In Graebel/Houston Movers, Inc. v. Chastain, 26 S.W.3d 24 (Tex.App.-Houston [1st Dist.] 2000, pet dism'd w.o.j.), the defendant uniformly billed its customers for insurance, which it then did not purchase.  (Similarly, Hertz charged for Fuel and Service, and the money purportedly was not used primarily to purchase either.)   The court found that the written representation was uniform, and upheld certification based on the fact that the basis of the lawsuit was defendant's uniform conduct in its billing practice.

The same is true as to Alford Chevrolet-Geo, where dealers were charging taxes that the customers were not legally obligated to pay.   Those “taxes” were embedded in the standard sales document.   That sales document was uniform, and everyone who contracted under it and paid the false “tax” was an appropriate member of the properly certified Class.   Notably, the court held that the defendants, who drafted the unambiguous contracts, were prohibited from introducing parol evidence attempting to explain contracting differences and nuances.  Id. at 406.   The Texas Supreme Court denied review-effectively twice.   The Court finds that just as in Alford Chevrolet-Geo, Plaintiff's claims focus primarily on a uniform charge, the legal effect of the charge, and the resulting damages.  Tex. R. Civ. P. Rule 42(c)(1)(D)(iv).   The Court finds and concludes that if Hertz is legally liable to Plaintiff under the claim asserted, it is liable to all members of the Class-in exactly the same way.   The Court further finds that the finite and straightforward nature of Plaintiff's claims clearly demonstrates the feasibility and practicability of submitting this case to a single jury.   As such, issues common to the Class predominate.   Plaintiff presented facts and evidence upon which one could conclude that not only do common issues predominate in this case, but that there are, in fact, no individual issues requiring consideration.   There are no individualized issues in this case-neither reliance, nor unconscionability, nor the determination of damages (the single methodology presented for calculation is uniform)-and as such, the predominance requirement is readily achieved.  Tex. R. Civ. P. Rule 42(c)(1)(D)(iii).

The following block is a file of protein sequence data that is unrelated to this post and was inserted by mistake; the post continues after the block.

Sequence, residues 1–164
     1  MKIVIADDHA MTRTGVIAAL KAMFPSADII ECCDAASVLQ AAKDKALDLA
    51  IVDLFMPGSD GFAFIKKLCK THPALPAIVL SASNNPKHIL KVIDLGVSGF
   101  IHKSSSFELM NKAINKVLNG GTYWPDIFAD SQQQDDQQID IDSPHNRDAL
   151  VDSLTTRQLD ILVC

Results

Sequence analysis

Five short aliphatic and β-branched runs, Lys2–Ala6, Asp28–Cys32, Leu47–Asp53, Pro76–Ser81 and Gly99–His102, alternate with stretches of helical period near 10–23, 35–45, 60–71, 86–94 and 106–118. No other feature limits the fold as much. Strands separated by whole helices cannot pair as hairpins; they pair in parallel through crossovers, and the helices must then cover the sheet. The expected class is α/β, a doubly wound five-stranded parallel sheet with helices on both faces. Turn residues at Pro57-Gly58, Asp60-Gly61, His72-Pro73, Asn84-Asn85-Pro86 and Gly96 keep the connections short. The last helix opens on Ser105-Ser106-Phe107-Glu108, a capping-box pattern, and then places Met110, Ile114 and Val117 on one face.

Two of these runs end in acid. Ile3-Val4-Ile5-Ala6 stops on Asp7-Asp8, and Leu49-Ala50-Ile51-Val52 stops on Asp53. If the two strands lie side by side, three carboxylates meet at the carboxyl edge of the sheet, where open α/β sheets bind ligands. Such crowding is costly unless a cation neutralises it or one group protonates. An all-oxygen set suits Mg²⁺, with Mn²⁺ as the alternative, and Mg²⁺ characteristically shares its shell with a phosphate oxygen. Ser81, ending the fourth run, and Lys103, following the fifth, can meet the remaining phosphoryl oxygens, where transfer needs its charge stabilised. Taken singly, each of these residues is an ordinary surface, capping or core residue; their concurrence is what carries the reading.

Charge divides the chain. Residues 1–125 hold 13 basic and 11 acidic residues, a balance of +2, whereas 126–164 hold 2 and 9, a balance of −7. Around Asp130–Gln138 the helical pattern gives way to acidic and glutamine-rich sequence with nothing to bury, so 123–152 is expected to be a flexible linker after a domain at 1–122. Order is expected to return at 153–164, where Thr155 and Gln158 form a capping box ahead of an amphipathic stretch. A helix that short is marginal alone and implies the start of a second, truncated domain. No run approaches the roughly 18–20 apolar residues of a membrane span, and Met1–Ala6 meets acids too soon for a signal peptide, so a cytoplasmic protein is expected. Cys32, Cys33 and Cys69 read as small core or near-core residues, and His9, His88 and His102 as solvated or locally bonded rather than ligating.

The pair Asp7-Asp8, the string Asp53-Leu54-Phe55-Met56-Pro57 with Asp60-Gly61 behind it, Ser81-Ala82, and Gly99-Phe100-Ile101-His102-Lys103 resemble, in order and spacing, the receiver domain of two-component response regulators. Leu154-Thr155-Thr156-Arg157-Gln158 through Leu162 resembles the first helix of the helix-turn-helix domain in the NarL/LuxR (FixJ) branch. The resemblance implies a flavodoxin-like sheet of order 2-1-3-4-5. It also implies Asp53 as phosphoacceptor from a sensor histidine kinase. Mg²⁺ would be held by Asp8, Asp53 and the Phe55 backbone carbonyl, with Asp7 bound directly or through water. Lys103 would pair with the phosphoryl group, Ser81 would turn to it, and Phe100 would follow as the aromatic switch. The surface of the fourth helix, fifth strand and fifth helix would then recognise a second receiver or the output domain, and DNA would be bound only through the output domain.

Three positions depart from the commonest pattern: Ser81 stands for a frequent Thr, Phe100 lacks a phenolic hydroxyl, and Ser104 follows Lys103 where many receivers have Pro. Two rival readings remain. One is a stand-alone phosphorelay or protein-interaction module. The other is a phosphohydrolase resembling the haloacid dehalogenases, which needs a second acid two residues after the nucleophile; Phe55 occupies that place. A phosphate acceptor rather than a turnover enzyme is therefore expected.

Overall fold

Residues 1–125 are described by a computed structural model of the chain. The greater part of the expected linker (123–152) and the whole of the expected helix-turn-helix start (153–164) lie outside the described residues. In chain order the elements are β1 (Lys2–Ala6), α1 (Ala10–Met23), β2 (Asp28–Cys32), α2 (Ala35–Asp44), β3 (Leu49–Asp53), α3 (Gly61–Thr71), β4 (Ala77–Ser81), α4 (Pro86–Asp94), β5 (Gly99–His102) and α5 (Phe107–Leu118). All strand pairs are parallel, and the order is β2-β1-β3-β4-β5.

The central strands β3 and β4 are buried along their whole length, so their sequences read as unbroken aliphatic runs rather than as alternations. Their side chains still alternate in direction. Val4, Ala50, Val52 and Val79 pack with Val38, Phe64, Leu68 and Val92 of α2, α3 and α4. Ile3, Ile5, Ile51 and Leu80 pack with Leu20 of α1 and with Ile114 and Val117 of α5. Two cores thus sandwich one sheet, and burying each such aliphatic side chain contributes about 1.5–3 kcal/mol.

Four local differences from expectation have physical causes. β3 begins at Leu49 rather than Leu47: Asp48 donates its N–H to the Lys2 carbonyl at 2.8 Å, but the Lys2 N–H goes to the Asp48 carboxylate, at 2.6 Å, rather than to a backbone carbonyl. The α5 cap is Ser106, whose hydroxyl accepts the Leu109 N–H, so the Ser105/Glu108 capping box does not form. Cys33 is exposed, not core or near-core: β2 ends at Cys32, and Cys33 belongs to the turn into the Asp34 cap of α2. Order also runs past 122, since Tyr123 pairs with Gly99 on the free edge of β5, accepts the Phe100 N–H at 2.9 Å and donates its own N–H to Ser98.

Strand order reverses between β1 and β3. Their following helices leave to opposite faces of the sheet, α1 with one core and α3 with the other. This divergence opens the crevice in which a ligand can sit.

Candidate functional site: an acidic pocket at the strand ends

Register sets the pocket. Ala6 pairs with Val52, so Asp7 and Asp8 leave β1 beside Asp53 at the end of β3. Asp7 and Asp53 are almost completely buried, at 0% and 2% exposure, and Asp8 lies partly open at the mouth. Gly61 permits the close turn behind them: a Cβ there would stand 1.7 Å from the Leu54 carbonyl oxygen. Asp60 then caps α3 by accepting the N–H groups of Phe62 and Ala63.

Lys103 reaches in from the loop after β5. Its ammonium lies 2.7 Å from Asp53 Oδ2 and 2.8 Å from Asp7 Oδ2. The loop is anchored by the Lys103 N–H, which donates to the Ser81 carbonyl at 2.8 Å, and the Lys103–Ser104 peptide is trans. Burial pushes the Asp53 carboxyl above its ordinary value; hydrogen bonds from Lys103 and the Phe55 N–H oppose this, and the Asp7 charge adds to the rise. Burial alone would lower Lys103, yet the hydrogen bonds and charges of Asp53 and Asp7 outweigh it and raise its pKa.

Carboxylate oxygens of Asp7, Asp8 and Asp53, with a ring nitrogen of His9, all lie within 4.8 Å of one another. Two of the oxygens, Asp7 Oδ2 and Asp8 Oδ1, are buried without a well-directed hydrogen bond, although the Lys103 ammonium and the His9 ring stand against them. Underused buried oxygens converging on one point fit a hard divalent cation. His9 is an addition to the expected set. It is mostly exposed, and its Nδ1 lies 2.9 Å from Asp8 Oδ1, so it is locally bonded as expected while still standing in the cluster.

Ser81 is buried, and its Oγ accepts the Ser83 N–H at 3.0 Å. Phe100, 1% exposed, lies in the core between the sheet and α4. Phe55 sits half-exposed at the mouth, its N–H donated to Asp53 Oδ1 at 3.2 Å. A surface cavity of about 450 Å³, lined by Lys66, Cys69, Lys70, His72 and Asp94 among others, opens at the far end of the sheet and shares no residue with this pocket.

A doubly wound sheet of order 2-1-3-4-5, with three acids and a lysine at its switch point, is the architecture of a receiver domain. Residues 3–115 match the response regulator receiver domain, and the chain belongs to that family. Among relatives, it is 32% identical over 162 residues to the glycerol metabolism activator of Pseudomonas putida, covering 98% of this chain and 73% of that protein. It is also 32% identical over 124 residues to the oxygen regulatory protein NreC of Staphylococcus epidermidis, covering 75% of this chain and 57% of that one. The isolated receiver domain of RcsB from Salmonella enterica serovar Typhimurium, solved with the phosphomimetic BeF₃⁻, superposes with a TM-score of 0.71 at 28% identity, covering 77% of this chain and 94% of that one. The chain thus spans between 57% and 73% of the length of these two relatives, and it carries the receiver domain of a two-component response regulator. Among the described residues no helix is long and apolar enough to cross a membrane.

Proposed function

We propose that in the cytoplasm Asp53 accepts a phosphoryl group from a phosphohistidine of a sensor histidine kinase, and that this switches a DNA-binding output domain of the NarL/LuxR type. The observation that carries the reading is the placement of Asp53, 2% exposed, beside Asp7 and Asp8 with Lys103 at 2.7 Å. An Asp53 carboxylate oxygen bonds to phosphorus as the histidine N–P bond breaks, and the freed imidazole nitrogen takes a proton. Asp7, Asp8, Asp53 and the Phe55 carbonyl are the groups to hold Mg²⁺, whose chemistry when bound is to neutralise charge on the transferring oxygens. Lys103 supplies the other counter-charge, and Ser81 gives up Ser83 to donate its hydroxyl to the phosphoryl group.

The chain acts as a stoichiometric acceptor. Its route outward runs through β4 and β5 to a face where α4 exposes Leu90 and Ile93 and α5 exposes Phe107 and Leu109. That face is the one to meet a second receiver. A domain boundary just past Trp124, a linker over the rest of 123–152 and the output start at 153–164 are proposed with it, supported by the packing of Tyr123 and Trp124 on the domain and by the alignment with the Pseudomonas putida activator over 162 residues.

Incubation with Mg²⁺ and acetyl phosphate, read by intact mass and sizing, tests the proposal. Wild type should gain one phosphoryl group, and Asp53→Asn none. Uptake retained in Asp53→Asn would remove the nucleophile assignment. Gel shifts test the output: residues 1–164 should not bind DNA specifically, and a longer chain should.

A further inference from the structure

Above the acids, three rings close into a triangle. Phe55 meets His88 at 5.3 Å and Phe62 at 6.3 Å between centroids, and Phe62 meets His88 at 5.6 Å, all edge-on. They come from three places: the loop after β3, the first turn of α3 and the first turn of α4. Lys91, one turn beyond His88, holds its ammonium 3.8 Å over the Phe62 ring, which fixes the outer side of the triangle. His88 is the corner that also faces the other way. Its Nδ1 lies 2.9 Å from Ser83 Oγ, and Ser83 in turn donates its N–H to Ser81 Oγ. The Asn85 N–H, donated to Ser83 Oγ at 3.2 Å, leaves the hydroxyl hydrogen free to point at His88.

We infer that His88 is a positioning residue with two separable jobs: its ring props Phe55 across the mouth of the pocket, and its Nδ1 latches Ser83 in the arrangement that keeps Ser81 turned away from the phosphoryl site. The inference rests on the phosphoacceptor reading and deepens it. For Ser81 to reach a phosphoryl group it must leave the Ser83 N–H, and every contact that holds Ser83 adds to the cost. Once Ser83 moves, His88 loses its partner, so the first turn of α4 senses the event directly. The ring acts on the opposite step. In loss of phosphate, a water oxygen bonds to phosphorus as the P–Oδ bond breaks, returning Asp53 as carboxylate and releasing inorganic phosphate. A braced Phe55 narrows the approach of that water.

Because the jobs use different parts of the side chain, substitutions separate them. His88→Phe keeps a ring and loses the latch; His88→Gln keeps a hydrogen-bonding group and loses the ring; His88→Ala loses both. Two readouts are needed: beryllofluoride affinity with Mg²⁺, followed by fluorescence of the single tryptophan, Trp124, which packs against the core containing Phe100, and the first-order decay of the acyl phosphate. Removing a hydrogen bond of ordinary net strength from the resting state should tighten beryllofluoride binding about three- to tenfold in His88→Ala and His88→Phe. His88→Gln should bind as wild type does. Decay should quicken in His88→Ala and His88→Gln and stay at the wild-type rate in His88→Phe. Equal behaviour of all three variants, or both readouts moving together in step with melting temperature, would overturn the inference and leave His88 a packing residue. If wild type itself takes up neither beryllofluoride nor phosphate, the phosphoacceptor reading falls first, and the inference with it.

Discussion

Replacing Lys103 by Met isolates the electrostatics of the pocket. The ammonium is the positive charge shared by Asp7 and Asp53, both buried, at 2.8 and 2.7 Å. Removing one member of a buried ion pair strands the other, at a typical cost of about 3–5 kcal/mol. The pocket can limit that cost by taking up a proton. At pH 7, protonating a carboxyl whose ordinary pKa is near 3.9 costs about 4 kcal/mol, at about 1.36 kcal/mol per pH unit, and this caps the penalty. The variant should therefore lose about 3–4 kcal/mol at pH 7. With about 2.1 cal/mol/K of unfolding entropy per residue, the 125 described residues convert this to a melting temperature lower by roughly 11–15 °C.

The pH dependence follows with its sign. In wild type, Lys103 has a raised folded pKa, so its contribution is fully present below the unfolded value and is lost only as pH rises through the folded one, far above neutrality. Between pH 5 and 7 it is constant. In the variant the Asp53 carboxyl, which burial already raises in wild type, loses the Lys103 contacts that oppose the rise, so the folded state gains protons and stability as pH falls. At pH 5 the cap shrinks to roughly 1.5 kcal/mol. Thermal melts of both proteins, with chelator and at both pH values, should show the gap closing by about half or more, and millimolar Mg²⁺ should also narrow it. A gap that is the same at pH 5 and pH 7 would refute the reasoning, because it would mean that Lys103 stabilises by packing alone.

For these same reasons, Hertz's testimony that certain Class members are smarter and earn a higher income is inconsequential.   First, that is going to be the case whenever you gather a group of consumers in a Class.   The supposed import of this knowledge and wealth here is that these certain individuals could not have been defrauded.   The evidence before this Court does not support that distinction.   These “smarter, higher earners” were not told anything different about the refueling service charge than any other renter.   Nothing about their contracts or circumstances creates a conflict or individualizes their claims.   If Plaintiff is entitled to recover under the theories pled, everyone who rented and was charged the FSC (or “R” SC) in Texas is as well.